You decide to go to a party one night. You need to loosen up a little so you have a drink — completely harmless. You get a little more comfortable with your surroundings. You start with another. And another. You keep going until you can’t even remember how many you’ve had, but you remember that everyone kept telling you how friendly you were.
By the time you make it home, you don’t really remember the names of the people you met, much less what they looked like. Nonetheless, you’re convinced that you had the time of your life.
The following day, your head is throbbing from a hangover from the previous night. You open up your computer to check your Facebook page only to find your Newsfeed filled with the risqué pictures that mom and dad wouldn’t be so proud of. Because you don’t want those pictures publicized on the Internet, you decide to untag your name out of the picture, but ultimately, the person who posted the pictures is the only one who can directly delete it. Your pictures are stuck on the Internet for eternity whether you like it or not.
So what has the digital age come to when people can’t fully control information about themselves that is floating around on the Internet? Many people argue that the value of privacy has depreciated due to this society of open information. This lack of privacy has resulted in a normalized feature of the rising digital culture.
Facebook has become an example of a leading social network that consequently downplays privacy through its features. One of Facebook’s main features, infamously known as the “Newsfeed,” publishes various actions performed by a particular user. Essentially, the Newsfeed publicizes such things as the creation of a new photo album, status updates and who is going to upcoming events in the surrounding community. Privacy settings can be changed so that these actions are published exclusively to their friends, but many still opt to make this information public for everyone. Since its debut in September 2006, the Newsfeed has garnered both praise and criticism. It has been lauded because of its informative style, bringing people together by common interests or friends that spark new friendships or renew old ones. On the other hand, it has disappointed users due to its lack of privacy since people cannot control who posts certain pictures or other private information.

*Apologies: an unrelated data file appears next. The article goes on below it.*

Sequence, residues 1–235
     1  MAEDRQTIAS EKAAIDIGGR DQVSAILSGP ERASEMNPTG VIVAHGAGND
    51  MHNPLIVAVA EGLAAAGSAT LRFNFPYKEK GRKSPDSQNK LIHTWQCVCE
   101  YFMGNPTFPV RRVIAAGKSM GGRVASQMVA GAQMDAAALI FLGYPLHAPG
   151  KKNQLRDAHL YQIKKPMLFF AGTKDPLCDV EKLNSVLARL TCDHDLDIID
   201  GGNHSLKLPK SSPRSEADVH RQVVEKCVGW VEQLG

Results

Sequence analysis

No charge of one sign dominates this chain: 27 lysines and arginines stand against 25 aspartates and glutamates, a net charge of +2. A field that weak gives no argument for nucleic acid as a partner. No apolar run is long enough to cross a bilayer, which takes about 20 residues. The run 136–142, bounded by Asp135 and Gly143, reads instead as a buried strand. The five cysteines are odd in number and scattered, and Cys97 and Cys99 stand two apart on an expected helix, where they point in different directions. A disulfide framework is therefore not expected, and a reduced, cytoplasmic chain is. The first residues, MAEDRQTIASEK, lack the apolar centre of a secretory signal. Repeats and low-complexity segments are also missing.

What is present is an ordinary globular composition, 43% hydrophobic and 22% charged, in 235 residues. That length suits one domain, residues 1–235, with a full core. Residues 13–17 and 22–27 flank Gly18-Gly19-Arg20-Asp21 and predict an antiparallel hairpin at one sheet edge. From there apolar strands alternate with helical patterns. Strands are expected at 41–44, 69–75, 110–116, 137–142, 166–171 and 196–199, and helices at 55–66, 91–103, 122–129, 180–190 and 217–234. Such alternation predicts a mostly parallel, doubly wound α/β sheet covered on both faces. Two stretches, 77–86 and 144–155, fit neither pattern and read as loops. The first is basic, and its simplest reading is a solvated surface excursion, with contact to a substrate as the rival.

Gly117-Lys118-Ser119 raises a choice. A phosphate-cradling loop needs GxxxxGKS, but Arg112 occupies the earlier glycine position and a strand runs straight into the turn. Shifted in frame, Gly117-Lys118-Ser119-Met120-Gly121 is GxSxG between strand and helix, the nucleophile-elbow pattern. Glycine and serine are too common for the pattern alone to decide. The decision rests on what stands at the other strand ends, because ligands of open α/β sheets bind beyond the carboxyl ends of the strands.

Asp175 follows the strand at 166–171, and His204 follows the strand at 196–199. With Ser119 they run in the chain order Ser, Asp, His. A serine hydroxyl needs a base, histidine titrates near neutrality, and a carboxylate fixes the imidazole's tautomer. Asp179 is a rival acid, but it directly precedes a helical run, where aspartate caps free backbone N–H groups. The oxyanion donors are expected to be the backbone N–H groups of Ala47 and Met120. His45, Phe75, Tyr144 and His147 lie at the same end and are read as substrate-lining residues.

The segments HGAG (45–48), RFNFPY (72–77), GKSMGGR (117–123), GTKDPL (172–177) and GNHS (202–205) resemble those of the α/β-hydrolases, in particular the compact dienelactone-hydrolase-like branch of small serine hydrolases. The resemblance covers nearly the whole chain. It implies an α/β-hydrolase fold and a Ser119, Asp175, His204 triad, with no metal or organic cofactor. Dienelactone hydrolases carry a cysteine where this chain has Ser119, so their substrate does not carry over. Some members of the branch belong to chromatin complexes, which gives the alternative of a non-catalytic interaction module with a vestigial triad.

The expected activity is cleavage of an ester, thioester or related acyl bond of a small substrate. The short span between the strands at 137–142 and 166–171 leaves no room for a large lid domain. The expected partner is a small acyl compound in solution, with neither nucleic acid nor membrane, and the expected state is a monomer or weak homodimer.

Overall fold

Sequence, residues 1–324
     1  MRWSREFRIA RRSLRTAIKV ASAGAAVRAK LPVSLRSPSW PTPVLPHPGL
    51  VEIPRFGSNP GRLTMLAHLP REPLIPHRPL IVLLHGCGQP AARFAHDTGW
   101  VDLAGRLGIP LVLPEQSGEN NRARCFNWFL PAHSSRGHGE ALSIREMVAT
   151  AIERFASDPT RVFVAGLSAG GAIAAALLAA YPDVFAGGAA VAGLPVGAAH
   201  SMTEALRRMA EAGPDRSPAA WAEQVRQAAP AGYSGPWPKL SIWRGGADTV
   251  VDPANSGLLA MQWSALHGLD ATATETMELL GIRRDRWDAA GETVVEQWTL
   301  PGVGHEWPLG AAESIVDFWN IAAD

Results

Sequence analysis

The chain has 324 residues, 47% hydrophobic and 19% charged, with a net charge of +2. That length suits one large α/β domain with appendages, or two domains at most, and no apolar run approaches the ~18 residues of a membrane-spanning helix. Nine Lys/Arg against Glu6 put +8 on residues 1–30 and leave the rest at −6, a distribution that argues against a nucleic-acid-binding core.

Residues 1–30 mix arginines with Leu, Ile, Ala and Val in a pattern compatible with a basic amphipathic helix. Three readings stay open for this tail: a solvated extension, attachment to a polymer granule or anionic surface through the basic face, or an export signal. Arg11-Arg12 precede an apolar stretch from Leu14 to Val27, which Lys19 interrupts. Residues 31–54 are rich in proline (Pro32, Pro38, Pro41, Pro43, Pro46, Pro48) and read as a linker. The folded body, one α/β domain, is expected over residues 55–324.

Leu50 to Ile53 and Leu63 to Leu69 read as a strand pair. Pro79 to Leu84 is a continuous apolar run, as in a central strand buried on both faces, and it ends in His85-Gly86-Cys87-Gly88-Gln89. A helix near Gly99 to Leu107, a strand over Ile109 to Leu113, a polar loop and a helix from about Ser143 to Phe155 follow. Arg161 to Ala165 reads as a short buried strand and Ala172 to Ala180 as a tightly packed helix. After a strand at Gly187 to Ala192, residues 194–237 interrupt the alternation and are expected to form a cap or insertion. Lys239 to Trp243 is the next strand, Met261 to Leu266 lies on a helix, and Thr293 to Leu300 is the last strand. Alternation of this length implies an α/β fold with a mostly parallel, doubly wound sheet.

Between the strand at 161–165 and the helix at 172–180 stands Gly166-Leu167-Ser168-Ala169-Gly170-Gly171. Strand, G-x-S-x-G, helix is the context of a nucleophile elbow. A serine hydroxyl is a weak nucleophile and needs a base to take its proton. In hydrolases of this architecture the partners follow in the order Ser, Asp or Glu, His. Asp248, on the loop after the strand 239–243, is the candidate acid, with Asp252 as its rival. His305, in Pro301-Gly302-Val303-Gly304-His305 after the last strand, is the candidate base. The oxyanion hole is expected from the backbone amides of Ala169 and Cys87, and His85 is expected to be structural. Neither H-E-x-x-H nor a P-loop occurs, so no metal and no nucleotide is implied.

First-year biological sciences major Alegria Cantillep argues that narrow perceptions of who actually sees these posts prevent users from realizing how many people see what others post.
“We think it’s only our friends looking at them and don’t even consider that our bosses and others can look at them too,” Cantillep said.
This widespread idea that everyone and anyone is your friend has changed the limitations of privacy. Part of the reason why privacy is redefined is because there is an ambiguity of what “friends” really means, as its denotation varies from user to user. Some add friends for the sake of adding friends, whether it be close friends or barely-known acquaintances. Others might even go so far as to add people they do not know personally just so that they can appear popular or contest that they have more friends than others.
This dominating idea that Facebook is a welcoming and safe atmosphere bonded by the ties of friendship has left little leeway for the protection of privacy. Since the ambiance caters to socializing, privacy is not given a second thought. Users become so comfortable in this “friendly” environment that they do not think twice about what they decide to post. Some might believe that since friends are viewing what is posted, privacy is not a significant issue. There is a sense of trust between friends, and thus what is posted is not as carefully monitored.
In addition to the false assumption that Facebook is a haven for friendly users, convenience also comes at the cost of privacy. Instead of sending individual friends pictures from a particular event, the Newsfeed becomes convenient since those who want to view them and choose ones they would like to store in their computer can save time. The conditions as to who views them do not become a central issue to these users. Their main purposes for these postings are to share, which suggests a priority of property over privacy. These postings then become communal property, where users can get access to what they want at their own disposal.
Third-year anthropology major Josephine Cho states that users seek attention as a trade-off for giving up their privacy.
“Sometimes people want to feel like others care about what they’re doing,” Cho said, “which is why they’re posting certain things in the first place.”
Privacy becomes such a non-issue because people seek self-gratification through the available information posted on the Newfeeds. These users build up their confidence through how others see them, and so they use these Newsfeeds as a tool in showcasing their viewers to selective parts of their lives that possibly make them seem more interesting than they really are. These types of users manipulate their lack of privacy to their advantage, where they create a certain persona of themselves and expose this persona to the masses. Whether or not this persona accurately represents the user depends on what he or she chooses to disclose.
The digital age has without a doubt opened up the development of the ever-changing youth culture. Although recent Internet conventions have changed throughout the years, the argument stands that the significance of privacy varies with each individual user. Whatever the case, social sites have become a social revolution that shows no signs of dying down anytime soon.
Filed Under: Features